strategy, insurgency theory, and terrorism studies. His Master's
dissertation was on the impact of drug trafficking on the evolution
of the Colombian FARC.
Ms. Lingbo ZHAO is a candidate of the Hong Kong Baptist
University, Department of Government and International Studies. Her
research interest includes Sino-world, Asia and cross-Pacific.
Elodie Pichon, Ms. Elodie Pichon, Research Fellow of the IFIMES Institute, DeSSA Department. This native Parisian is a Master in Geopolitics,
Territory and Security from the King’s College, London, UK.
Ambassador Muhamed Sacirbey currently lectures on Digital-Diplomacy. "Mo"
has benefited from a diverse career in investment banking & diplomacy, but
his passion has been the new avenues of communication. He was Bosnia &
Herzegovina's first Ambassador to the United Nations, Agent to the
International Court of Justice, Foreign Minister & Signatory of the Rome
Statute establishing the International Criminal Court. He also played
American football opting for a scholarship to Tulane University in New
Orleans after being admitted to Harvard, oh well!!
Amanda Janoo is an Alternative
Economic Policy Adviser to governments and development
organizations. Graduate from Cambridge University with an MPhil in
Development Studies, Amanda worked at the United Nations Industrial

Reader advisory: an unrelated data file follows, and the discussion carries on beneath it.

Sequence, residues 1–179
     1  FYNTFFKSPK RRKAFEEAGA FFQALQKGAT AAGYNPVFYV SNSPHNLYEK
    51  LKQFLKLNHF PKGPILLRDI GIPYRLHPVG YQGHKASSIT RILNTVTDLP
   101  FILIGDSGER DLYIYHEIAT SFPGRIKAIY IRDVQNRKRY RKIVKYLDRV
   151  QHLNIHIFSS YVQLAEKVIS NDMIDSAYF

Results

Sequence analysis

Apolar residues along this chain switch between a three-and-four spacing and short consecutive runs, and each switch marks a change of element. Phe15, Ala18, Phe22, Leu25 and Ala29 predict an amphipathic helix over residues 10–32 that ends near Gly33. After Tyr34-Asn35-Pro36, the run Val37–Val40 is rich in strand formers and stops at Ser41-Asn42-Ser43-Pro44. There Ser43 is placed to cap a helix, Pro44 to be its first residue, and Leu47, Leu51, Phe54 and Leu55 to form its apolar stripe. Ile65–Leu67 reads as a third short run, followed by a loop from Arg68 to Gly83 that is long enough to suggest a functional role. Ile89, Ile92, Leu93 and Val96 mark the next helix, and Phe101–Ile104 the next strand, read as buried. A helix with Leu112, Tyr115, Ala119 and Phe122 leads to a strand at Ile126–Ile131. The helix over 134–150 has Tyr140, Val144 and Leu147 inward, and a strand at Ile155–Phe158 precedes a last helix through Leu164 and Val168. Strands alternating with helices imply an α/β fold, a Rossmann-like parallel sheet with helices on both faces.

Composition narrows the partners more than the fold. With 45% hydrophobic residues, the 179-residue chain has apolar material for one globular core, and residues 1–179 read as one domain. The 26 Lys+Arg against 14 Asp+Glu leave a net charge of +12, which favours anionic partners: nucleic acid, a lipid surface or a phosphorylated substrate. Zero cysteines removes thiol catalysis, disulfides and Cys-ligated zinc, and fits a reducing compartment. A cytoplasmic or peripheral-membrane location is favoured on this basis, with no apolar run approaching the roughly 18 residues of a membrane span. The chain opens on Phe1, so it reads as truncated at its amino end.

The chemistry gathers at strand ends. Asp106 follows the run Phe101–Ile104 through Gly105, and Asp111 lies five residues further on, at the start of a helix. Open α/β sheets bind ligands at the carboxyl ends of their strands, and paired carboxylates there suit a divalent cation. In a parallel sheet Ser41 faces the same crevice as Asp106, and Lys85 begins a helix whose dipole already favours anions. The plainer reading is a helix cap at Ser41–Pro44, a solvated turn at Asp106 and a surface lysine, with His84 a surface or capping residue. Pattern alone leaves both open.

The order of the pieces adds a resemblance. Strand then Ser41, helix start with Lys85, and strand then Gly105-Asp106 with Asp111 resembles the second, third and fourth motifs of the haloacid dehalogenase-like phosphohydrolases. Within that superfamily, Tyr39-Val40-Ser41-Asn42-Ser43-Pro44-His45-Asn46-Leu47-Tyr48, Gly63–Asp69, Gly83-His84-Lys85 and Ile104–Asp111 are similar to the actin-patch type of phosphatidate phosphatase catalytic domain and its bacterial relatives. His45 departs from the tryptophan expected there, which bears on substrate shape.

Development Organization (UNIDO) supporting government's with
evidence-based industrial policy design for inclusive and
sustainable growth. Her research focus is on the relationship
between international trade and employment generation. She has
worked throughout Asia and Sub-Saharan Africa promoting greater
economic self-determination and empowerment.
Michael dr. Logies,
Endy Bayuni The writer, editor-in-chief of
The Jakarta Post, took part
in the Bali Civil Society and Media Forum, organized by the
Institute for Peace and Democracy and the Press Council, on Dec.5-6.
Bellevrat is the WEO Energy Analysts
Kira West Kira West is the WEO Energy Analysts
Victor Davis Hanson— NRO contributor Victor Davis
Hanson is a senior fellow at the Hoover Institution and the author,
most recently, of The Second World Wars: How the First Global
Conflict Was Fought and Won.
Chief Research Fellow at the Primakov Institute of World Economy and
International Relations (Moscow, Russia). In 1989-1991 was a member
of Soviet negotiating team at START-1 negotiations (Defense and
Ingrid Stephanie Noriega
Ingrid Stephanie Noriega is junior specialist in International
Relations, Latina of an immense passion for human rights, democratic